Filth found on cell phone

October 15, 2009 7:50:59 AM PDT
If you recently bought your kid a cell phone or computer, you may want to check out the device thoroughly before handing it over to your child. One Woodlands area mom is happy she did. Otherwise, she says she would have given him a birthday present full of filth.

The cell phone in question was going to be a gift for an 11-year-old boy. It was supposed to be a new phone, but as the parents learned, someone else had the phone first and left behind profane texts and a picture no 11-year-old should see.

The Samsung Eternity cell phone was going to be given as a birthday gift to the boy. It came from an AT&T-branded kiosk inside The Woodlands Mall.

"I said, 'Give me a phone you think is going to be great for an 11-year-old,'" said Michelle Hewgley.

Hewgley says she thought the phone was new because the sales staff never said otherwise, but when she got home, she found text messages already on the phone.

"We came across some profanity in text messages and we were like, 'I thought we bought a new phone,' and then we keep going through and see more messages and then we see a picture of a naked girl," said Hewgley.

The phone has dozens of texts dating back to August 12, but it is that nude picture that caused the biggest shock.

"I feel violated," said Hewgley. "I'm furious, I thought I was buying something brand new."

When we told AT&T about the phone, the company contacted Hewgley and told her a new, never-used phone would be sent to her immediately. AT&T says the mall retailer mistakenly sold the pre-owned phone with information from a previous owner.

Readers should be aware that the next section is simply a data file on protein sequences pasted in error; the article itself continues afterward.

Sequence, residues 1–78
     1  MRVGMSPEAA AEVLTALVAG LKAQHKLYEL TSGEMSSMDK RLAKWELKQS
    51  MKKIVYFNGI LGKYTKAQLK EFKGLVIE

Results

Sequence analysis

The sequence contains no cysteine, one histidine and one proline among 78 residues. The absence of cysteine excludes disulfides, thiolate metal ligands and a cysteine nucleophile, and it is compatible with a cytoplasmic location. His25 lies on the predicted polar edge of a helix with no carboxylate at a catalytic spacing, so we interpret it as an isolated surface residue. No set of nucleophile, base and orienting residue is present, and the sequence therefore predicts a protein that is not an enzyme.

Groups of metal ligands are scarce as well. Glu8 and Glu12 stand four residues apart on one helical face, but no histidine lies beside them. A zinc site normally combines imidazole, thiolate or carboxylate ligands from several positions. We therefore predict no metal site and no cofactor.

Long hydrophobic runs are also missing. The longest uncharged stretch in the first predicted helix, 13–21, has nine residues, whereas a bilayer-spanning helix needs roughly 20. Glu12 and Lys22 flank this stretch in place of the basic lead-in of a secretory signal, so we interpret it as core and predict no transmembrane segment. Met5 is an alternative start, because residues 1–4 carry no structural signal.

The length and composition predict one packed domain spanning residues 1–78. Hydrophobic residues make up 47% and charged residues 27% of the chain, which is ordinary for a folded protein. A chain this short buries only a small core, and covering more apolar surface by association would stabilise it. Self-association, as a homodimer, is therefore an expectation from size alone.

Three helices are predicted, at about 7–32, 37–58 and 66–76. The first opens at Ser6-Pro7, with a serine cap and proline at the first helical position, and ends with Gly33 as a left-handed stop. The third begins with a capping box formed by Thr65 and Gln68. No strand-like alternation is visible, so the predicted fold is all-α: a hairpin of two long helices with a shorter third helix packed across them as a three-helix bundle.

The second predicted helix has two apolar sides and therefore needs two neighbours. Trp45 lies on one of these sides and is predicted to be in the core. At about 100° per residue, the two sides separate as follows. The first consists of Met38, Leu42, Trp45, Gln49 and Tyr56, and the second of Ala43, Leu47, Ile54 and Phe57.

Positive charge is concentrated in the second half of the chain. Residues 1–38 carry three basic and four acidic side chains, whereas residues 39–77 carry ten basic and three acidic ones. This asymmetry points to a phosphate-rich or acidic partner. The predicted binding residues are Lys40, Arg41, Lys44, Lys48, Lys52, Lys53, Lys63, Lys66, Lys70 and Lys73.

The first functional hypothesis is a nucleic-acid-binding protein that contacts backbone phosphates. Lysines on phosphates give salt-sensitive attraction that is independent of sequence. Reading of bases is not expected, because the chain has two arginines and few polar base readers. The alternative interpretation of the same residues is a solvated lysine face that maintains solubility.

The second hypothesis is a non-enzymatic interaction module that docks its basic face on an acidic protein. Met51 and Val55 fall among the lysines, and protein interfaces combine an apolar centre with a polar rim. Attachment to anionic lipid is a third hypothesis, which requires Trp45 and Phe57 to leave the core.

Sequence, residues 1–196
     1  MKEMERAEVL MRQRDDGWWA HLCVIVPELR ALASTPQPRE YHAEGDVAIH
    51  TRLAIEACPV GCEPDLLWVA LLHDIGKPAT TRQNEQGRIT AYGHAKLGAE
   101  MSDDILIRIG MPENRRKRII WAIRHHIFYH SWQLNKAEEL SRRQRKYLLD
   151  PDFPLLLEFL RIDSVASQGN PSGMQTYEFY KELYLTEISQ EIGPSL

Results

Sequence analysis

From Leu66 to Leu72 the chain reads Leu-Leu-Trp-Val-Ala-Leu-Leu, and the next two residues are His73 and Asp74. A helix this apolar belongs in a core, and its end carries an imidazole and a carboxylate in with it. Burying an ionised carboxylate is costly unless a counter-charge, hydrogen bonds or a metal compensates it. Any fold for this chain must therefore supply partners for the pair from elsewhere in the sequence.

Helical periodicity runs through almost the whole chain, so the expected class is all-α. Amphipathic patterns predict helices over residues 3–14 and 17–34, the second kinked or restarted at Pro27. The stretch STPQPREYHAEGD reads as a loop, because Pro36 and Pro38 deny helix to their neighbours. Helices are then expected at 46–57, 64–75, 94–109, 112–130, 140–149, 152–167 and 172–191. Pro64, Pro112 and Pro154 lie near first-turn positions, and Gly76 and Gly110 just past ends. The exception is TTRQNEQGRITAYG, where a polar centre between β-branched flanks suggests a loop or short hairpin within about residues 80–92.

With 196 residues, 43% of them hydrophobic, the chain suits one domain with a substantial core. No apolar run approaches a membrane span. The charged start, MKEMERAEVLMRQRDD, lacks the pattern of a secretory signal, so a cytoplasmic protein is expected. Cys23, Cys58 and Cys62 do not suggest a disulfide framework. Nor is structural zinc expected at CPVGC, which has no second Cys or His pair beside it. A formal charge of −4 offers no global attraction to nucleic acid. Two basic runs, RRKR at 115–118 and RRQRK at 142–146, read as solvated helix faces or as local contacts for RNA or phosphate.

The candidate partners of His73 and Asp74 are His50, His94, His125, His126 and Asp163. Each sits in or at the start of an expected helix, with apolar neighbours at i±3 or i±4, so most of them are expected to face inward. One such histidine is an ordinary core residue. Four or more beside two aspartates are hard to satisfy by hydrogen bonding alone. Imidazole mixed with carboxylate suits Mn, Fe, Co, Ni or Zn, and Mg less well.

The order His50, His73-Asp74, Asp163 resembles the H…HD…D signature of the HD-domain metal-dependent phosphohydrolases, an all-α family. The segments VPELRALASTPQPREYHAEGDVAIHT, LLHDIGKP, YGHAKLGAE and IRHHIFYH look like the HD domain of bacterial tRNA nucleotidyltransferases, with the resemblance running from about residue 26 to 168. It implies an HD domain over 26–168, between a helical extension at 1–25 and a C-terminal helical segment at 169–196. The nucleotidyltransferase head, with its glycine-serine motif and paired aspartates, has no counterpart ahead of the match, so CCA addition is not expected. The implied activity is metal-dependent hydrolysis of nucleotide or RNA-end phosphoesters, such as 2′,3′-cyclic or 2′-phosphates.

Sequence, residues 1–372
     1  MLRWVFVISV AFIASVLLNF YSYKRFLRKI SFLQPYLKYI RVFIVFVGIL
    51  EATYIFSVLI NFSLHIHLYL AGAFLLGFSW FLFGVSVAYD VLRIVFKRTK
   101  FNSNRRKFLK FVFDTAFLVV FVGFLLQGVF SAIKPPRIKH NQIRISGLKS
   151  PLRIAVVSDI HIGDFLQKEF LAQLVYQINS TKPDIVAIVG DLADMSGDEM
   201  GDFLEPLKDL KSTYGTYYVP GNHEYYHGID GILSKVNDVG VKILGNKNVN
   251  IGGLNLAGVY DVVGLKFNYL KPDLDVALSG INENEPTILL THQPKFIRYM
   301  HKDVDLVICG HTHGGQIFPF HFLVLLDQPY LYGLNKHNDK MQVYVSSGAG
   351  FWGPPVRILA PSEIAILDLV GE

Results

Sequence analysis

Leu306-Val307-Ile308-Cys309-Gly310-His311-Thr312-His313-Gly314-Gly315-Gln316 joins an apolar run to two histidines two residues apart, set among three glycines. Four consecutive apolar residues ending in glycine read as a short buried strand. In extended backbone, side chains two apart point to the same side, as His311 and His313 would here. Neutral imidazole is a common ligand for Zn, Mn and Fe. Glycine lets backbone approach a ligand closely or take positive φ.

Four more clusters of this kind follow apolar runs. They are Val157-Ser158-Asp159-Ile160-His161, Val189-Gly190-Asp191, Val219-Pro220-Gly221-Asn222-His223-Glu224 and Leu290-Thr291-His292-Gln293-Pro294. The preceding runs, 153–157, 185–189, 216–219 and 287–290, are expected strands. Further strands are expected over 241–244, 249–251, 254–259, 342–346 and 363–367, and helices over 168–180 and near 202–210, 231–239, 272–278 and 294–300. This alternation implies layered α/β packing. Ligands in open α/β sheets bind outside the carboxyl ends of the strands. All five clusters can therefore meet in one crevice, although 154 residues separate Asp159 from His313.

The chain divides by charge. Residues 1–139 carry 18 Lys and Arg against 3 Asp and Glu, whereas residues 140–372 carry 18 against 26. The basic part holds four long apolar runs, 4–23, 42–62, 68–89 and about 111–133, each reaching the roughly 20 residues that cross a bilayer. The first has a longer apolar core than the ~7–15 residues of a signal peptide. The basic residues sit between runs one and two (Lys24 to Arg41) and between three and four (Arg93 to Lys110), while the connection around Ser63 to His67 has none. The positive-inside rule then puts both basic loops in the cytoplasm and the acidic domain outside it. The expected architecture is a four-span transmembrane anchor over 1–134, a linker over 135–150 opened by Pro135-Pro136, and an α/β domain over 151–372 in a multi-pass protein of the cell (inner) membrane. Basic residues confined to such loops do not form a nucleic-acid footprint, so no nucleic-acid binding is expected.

Hewgley says parents need to know this can happen when buying a cell phone.

"Make sure you find out if it is new," she said. "Even if it is not new, go in, make sure you know how to use it, how to send and receive calls. Look in the in and the sent box."

Refurbished products are sometimes sold to consumers who don't know it.

"I have seen it happen more so on cell phones than computers," said computer expert Alex Diaz.

Diaz says parents should perform a master reset on phones before handing them to kids.

"Pretty much any cell phone or PDA has a master reset which defaults it all to factory setting and wipes away all the personal information from the device," said Diaz.

You can find out how to perform a master reset in the phone's instruction book. You can find the information online, too, by going to the phone maker's website.

AT&T says the cell phone was sold at a third party retailer, not an AT&T store.

The company added it tells its retailers to "securely remove and destroy any personal information of a previous owner prior to selling a pre-owned device. It also requires that all pre-owned devices be clearly identified as refurbished or pre-owned when they are sold."

As for the kiosk manager, he refused to talk about the phone when we asked him about it this afternoon.

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